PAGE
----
Where can I buy nickel chloride?

Discussion in 'Highly Technical' started by cheesehead, Dec 7, 2009.

  1. cheesehead

    cheesehead Lifer

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    I'd like to try electroplating without spending big bucks on a Caswell kit, and I found some recipes in an old copy of Popular Science. Does anyone know a place that will sell me nickel chloride? As far as I can tell, it's not a controlled substance, but the lab supply places that carry it won't sell it to anyone but schools.
     
  2. Gibsons

    Gibsons Lifer

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    They'll sell it to companies. Try placing an order from "Cheesehead Research Labs Inc." instead of "Joe Cheesehead."
     
  3. CycloWizard

    CycloWizard Lifer

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    Many chemical companies will only sell on the bulk scale now (i.e. 55 gallon drums). If you google "small-scale nickel chloride vendor" (without the quotes) you should come up with quite a list. Add your locale to that and you will probably find something nearby.
     
  4. Sho'Nuff

    Sho'Nuff Diamond Member

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  5. polarbear6

    polarbear6 Golden Member

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    How about making some ? Am not much into chemistry so I don't know anything about the availability of nickel matte. but its a green colored powder, treating it with socl2 gives you nicl2.http://en.wikipedia.org/wiki/Nickel%28II)_chloride.

    It says nickel matte is very inexpensive.
     
  6. Billb2

    Billb2 Platinum Member

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    Believe it or not, try Walgreen's. They can order "fine" chemicals.
    I've gotten copper sulphate and some essential oils there.
    They have a book, in the back, that they can order from.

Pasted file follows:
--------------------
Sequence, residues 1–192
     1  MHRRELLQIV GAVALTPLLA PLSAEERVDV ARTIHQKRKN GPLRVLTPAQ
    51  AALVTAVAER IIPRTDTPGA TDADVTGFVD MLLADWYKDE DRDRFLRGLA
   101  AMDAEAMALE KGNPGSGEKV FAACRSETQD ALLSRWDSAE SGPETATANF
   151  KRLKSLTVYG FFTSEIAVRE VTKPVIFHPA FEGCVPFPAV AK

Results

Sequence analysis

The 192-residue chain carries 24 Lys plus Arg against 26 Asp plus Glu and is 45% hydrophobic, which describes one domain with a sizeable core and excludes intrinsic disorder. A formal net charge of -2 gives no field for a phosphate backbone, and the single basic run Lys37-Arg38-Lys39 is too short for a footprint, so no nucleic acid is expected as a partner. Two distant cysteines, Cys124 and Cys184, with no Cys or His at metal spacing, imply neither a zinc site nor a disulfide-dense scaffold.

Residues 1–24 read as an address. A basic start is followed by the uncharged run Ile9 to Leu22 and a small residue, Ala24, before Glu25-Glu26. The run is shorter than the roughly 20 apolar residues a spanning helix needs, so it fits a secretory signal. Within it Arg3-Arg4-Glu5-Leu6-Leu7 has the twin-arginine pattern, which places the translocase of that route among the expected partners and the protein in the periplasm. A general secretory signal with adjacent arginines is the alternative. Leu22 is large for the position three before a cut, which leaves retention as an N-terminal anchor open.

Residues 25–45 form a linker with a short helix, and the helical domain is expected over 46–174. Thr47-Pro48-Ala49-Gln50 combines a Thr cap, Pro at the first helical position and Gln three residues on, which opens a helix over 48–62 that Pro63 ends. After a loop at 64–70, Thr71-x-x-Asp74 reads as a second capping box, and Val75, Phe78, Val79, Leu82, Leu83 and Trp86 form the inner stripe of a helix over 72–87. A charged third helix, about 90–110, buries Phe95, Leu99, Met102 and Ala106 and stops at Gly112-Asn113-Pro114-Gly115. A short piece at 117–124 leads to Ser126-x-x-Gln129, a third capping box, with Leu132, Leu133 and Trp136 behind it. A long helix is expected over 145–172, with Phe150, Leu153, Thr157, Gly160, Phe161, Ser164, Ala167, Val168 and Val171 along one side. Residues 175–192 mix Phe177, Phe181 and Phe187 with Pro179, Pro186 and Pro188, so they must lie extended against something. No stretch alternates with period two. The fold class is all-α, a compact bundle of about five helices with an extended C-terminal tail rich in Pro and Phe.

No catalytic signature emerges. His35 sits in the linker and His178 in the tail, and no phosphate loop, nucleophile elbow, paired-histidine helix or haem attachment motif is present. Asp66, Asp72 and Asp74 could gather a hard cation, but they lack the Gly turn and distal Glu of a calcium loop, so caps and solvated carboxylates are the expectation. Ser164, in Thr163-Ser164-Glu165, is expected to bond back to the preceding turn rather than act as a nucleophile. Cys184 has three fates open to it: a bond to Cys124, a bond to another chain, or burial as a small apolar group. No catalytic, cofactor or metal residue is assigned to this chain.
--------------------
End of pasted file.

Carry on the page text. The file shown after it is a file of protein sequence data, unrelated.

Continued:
You'll probably have to see a manager though.
     
    #6 Billb2, Dec 14, 2009
    Last edited: Dec 14, 2009
  7. Billb2

    Billb2 Platinum Member

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    double post....................
     
  8. CycloWizard

    CycloWizard Lifer

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    That reaction produces some fairly gnarly biproducts (hydrochloric acid and sulfur dioxide). I wouldn't recommend trying that at home. :p
     
  9. Modelworks

    Modelworks Lifer

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    You don't need a kit to experiment with electroplating.
    Go to a hardware store and buy some muriatic acid, sells for $5 a gallon.
    A power supply, something like a 6VDC @ 500ma wall adapter will work fine. Pour some acid in a plastic container large enough that the metal you want to plate and the target item can be a couple inches apart. Connect the + from the adapter to a penny or something copper, connect the - to whatever you want to plate. Drop both into the solution and watch the magic happen :)

    Do this outdoors if at all possible and with gloves. The fumes are dangerous to breathe and the acid will burn hands.
     
  10. PlasmaBomb

    PlasmaBomb Lifer

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  11. Tech_savy

    Tech_savy Member

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    N Searched By GFS Engine
    Results for CHEMICALS
     
  12. cheesehead

    cheesehead Lifer

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    Right now, I'm trying my hand at a simple nickel sulfate / boric acid bath. I might have to use a disposable "flash" bath to deposit a layer of copper on the steel, but once I do, the boric/nickel mix should work. It turns out that a pound of nickel sulfate costs about as much as 1oz of pure nickel, so adding nickel chloride - whose primary function is to allow the nickel anode to be dissolved - may not be as necessary as I had thought.
     
  13. uclaLabrat

    uclaLabrat Diamond Member

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    Thionyl Chloride is not something I'd recommend using at home....it's nasty, nasty stuff. See phosgene...they're pretty similar.
     
  14. buildafriend

    buildafriend Junior Member